Capital & Crisis Hotline -- New Dollar Weakness: And the Hunt for Water Rights September 18, 2009
Margaret Wente: Are you saying the U.S. shouldn't have done all those bailouts? What was the alternative? Taleb: Blood , sweat and tears. A lot of the growth of the past few years was fake growth from debt. So swallow the losses, be dignified and move on. Suck it up. -- Globe and Mail interview with The Black Swan author Nassim Nicholas Taleb
Dear Capital & Crisis Reader,
The great Raymond Chandler once wrote that "Hollywood is easy to hate, easy to sneer at, easy to lampoon." The same applies to Wall Street and Washington. In fact, there are a lot of similarities between the three.
All have a craving for stories. They all have customers who want another story. And so Hollywood -- or Wall Street or Washington -- must dig up a narrative somehow. They must have a story to tell (and sell).
The story trotted out these days in Washington and Wall Street is pretty much the same. The recession is over. The recovery is for real. The bailouts worked. All praise Fed Chairman Bernanke.
Yet big problems remain. There is still too much leverage in the system. And while the big banks seem to have patched up a lot of holes, the midtier and smaller banks are still failing at alarming rates. The fiscal position of the United States is atrocious with total liabilities -- including the entitlements of Social Security, Medicare and federal pensions -- topping $118 trillion! As QB Partners writes in its latest shareholder letter: "Using corporate valuation metrics, the U.S. government's debt-to-sales ratio is over 8-to-1 and its debt to income ratio is running about 47-to-1. It is quite a levered entity."
The powers that be in Washington want you to believe another story -- of recovery and progress. Amazingly, judging by the stock market's action, investors are eating it up. The whole thing reminds me of the Jedi mind trick of Star Wars fame, with the Feds playing Obi-Wan and investors playing the part of the stormtrooper with probing questions:
Stormtrooper: Let me see your identification. Obi-Wan Kenobi: [with a small wave of his hand] You don't need to see his identification. Stormtrooper: We don't need to see his identification. Obi-Wan: These aren't the droids you're looking for. Stormtrooper: These aren't the droids we're looking for. Obi-Wan: He can go about his business. Stormtrooper: You can go about your business. Obi-Wan: Move along. Stormtrooper: Move along... move along.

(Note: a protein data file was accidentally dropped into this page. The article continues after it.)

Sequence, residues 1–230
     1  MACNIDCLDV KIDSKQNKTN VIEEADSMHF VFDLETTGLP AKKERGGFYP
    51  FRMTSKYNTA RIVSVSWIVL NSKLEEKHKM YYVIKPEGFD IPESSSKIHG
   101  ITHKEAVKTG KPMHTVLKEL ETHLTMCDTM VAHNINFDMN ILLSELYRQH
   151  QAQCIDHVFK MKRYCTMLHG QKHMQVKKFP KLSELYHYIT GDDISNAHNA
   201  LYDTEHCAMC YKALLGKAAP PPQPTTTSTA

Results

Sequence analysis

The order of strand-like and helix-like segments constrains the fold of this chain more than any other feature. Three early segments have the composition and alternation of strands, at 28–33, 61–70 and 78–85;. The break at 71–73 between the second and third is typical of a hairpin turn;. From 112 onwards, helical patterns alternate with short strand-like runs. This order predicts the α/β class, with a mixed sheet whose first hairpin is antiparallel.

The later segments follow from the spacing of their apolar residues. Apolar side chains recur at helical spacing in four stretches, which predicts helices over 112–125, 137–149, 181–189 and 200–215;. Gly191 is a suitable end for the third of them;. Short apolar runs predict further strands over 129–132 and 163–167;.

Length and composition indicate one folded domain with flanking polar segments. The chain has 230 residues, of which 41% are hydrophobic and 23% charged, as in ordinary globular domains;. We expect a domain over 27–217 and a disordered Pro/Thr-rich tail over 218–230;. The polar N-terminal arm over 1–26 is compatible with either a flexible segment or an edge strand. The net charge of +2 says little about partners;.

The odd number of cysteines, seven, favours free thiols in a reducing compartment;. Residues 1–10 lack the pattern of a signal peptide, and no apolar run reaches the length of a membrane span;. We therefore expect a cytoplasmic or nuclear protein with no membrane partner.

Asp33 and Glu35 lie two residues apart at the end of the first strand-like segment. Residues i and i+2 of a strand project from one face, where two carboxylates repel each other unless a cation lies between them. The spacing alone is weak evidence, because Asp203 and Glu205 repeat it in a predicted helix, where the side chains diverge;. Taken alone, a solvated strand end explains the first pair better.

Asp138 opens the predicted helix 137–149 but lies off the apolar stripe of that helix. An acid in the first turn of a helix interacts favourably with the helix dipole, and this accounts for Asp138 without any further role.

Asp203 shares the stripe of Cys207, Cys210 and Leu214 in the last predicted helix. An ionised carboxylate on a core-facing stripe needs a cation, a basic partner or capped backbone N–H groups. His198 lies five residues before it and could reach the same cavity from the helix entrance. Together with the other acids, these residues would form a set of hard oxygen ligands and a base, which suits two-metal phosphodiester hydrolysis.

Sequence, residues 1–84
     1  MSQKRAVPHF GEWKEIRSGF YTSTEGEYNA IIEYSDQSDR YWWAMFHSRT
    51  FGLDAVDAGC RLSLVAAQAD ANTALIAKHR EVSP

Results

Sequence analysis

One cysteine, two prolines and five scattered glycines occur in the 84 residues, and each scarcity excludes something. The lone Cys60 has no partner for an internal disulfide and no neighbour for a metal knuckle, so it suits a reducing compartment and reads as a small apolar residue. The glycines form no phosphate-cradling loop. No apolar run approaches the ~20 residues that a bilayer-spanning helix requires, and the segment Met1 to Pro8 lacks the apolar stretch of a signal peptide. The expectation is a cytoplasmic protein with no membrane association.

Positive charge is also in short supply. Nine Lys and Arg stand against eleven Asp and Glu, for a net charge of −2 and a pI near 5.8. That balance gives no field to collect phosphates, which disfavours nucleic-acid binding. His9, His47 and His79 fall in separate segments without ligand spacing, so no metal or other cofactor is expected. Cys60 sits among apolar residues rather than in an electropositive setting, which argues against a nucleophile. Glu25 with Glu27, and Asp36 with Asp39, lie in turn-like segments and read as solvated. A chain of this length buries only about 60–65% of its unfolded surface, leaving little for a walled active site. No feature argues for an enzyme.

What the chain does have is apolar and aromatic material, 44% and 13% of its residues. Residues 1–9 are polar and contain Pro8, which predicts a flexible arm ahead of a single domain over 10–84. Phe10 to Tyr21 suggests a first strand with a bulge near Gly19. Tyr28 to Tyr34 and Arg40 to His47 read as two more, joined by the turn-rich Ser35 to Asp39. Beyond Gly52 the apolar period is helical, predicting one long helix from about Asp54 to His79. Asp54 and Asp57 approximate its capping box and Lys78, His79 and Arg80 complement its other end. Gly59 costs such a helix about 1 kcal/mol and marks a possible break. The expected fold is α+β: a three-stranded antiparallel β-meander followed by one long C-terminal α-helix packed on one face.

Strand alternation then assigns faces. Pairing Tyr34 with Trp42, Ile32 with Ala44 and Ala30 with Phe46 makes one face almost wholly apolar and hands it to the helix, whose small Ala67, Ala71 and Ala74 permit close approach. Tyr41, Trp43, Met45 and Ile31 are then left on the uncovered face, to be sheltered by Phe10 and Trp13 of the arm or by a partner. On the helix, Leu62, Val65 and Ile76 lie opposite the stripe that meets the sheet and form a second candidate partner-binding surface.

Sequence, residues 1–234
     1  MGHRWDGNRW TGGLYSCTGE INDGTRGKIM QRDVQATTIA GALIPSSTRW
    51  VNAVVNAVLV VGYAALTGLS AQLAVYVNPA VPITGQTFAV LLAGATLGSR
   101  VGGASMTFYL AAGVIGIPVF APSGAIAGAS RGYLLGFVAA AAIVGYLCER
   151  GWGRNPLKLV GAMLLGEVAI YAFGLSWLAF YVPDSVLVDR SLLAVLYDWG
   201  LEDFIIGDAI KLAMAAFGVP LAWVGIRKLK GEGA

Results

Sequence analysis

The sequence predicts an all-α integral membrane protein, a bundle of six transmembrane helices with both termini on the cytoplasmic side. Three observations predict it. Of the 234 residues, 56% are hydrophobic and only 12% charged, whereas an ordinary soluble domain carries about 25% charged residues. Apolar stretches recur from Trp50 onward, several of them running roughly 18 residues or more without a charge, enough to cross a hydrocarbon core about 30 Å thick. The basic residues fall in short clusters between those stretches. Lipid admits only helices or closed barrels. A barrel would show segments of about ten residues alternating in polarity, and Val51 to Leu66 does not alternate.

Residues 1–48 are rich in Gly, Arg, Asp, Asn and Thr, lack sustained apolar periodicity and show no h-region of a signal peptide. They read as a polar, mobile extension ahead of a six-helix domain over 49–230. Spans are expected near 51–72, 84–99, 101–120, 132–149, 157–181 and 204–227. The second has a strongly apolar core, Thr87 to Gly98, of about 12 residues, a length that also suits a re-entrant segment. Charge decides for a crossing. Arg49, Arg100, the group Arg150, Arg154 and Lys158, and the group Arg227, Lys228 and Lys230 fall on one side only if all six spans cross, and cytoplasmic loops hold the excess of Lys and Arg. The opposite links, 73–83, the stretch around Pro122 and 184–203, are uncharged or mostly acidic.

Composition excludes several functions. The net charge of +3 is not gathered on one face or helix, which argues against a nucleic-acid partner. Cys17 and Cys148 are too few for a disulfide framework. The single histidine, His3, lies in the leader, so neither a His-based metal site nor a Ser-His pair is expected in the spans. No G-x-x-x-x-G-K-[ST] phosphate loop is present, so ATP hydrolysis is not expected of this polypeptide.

But some things you can't hide. The dollar is on a slide. It hit seven-month lows against the Japanese yen and sits at a yearly low versus the euro. It's done even worse against other currencies. On a trade-weighted basis, the dollar is at its lowest levels in a year.
Now there is new pressure on the dollar. It's becoming the top carry trade currency.
A carry trade is when you sell a low-yielding currency and buy a higher-yielding one, profiting from the difference. The yen was the currency of choice, but it looks like the dollar is the new yen. With short-term U.S. interest rates near zero, it has become profitable to sell the dollar and buy a currency that pays a higher interest rate. This selling pressure on the dollar explains its weakness -- or so goes the theory.
The popular explanation for dollar weakness is that investors have a fresh appetite for risk. But maybe there is more to it than that. As one analyst said, if the dollar is the new yen, "The greenback is in real danger." That's because foreigners hold a lot of dollar assets, and selling them to swap into higher-yielding currencies could continue to keep fresh pressure on the dollar.
This loss of purchasing power is like a subtle tax and eats away at your wealth. That's why I'm bullish on gold and oil and other real assets. As the dollar weakens, these assets ought to reprice and hold their own.
No surprise, then, that gold is over $1,000 an ounce. I think it will move higher. Our gold stocks have done very well in a short amount of time. We've got a double in IAMGOLD (IAG:nyse), and we're up 40% on New Gold (NGD:amex) since July. The latter is still a buy. If you don't already own it, today looks like a good day to pick some up. The GDX, an index of gold stocks, is off nearly 5% as I write, as many gold stocks are off today. But the longer-term thesis for gold going higher is solidly in place.
*** The Hunt for Water Rights
Another company we own that has real assets and ought to do well is PICO Holdings (PICO:nasdaq). Its best assets are its water rights. PICO owns water rights mainly in Nevada, Arizona and Idaho. As you are probably aware, water is a big issue out west. It's a dry and arid place. The population growth has been strong. So you have keen competition for water.
A money manager friend of mine, whose fund owns a good slug of PICO, sent me a story the other day about the Mojave Water Agency in California. Apparently, the MWA plans to spend $73.5 million on buying water rights.
What was most interesting about the story was the view of MWA's general manager, Kirby Brill. According to the (Victorville, Calif.) Daily Press, "Brill said it was a 'huge' challenge to find rights to that much water… 'I didn't think we would be successful, to be honest with you.'"
MWA did find 14,000 acre-feet of water (an acre-foot is the standard industry measure; it is the amount of water it takes to flood a plain of one acre to a depth of one foot. A family of four consumes an acre-foot of water per year). But the story was telling, nonetheless.
PICO's portfolio of water rights is a valuable and scarce commodity. The stock has doubled off its lows, but remains quite cheap, in my view. My own conservative net asset value estimate for PICO comes to at least $50 per share.
I look forward to PICO's next report too, as the company recently raised some cash to invest in more water and land assets.
Enjoy your weekend, and I'll write to you again soon.